Coral reefs are formed by the hard limestone skeletons of millions of tiny polyps as they die. Layers build up to form coral rock structures that become a community for a wide variety of sea creatures who form remarkable and colourful relationships. Growing in shallow warm water, coral reefs can't survive below 20 degrees Celsius. The most famous coral reef in the world, the Great Barrier Reef, stretches over 2000 km off the northern Queensland coast of Australia.
Belonging to the phylum Coelenterata, coral is made up of tiny polyps which secrete calcium carbonate creating a limestone skeleton which protects the soft base, stomach, mouth opening and tentacles. The polyps remain retracted within the skeleton but expand at night to catch microscopic plankton with their tentacles.
There are approximately 9500 species of phylum Coelenterata including jellyfish and sea anemones which share similar characteristics to coral. Coral polyps have an amazing symbiotic relationship with zooxanthellae algae providing a suitable environment for the algae to survive. In return, the algae use sunlight to create sugars giving the polyp energy in a process known as photosynthesis. The algae also contribute to the stunning colours of the coral by combining its chlorophyll with fluorescent colour pigments.
Coral reproduction has a number of forms thanks to each polyp possessing both male and female sexual organs. As such, coral reproduces with both sexual and asexual reproduction. Some corals fertilise and incubate eggs internally however many corals use a process called 'spawning' where all the coral in a certain region will release eggs and sperm on the same night. This event is controlled by the phases of the moon and is an amazing display for those lucky enough to catch it.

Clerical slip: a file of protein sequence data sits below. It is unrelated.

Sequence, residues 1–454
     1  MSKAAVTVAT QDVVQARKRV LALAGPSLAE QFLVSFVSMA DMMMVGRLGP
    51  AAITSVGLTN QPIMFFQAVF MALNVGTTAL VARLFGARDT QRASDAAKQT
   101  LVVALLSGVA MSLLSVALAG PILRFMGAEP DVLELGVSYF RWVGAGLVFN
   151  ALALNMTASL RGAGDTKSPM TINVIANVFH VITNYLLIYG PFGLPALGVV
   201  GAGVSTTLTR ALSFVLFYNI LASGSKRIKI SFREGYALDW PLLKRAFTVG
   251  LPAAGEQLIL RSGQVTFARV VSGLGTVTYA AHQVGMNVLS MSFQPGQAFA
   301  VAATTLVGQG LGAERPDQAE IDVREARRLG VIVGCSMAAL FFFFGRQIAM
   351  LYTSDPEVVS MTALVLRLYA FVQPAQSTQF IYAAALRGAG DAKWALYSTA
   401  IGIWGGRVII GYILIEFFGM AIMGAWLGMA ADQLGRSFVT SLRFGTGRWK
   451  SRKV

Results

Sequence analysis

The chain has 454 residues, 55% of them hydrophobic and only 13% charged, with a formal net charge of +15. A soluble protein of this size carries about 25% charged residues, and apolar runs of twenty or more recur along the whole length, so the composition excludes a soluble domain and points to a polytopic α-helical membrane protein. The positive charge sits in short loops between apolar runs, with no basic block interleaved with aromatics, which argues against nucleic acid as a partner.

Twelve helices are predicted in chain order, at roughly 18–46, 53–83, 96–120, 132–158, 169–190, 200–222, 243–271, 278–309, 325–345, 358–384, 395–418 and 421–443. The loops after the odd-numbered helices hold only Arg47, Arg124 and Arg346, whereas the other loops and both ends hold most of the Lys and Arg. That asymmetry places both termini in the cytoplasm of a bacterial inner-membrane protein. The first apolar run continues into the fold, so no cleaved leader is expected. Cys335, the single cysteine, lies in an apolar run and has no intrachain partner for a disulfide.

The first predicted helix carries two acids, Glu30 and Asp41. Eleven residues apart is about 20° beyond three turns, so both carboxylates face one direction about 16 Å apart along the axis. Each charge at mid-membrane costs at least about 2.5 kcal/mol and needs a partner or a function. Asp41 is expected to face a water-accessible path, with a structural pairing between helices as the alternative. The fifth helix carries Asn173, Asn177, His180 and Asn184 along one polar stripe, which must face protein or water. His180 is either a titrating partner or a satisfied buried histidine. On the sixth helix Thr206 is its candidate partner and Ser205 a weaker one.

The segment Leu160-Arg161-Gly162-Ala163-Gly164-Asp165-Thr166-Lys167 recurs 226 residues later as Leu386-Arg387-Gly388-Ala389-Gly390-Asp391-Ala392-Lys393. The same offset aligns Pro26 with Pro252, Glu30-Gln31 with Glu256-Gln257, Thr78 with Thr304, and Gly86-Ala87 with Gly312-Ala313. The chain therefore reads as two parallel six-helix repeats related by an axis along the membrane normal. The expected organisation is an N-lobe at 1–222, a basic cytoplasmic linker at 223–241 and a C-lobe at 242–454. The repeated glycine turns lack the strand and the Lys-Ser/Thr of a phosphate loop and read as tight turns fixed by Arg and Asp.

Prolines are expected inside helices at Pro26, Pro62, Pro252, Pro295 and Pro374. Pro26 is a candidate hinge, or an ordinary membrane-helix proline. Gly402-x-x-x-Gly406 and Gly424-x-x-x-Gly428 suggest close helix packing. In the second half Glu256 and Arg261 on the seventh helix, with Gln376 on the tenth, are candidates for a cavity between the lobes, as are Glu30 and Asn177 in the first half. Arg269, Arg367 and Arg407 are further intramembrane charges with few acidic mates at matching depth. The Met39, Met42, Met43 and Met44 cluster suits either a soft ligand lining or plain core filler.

The larva that are created through this process are known as 'planula' and drift for a few days on the ocean's surface before settling to the seabed and attaching to a solid. The young then build structure by secreting calcium carbonate which hardens into the skeleton within which the polyps live.
The biggest threat to coral is the Crown of Thorns starfish which surrounds a structure and eats it alive by dissolving it with the digestive enzymes of its stomach. However, coral can also be affected by unfavourable temperatures, variations in sea levels and overexposure to the sun resulting in radiation. Water run-off from the mainland containing harmful chemicals and fertilizers can also damage the reef ecosystem.
The Great Barrier Reef is renowned for the amazing variety of marine life that exists within its waters including 1500 types of fish and 4000 species of shell fish. You'll also find manta rays, sea urchins, sponges, worms, sea anemones, sea cucumbers, sea stars, green, hawksbill and loggerhead turtles.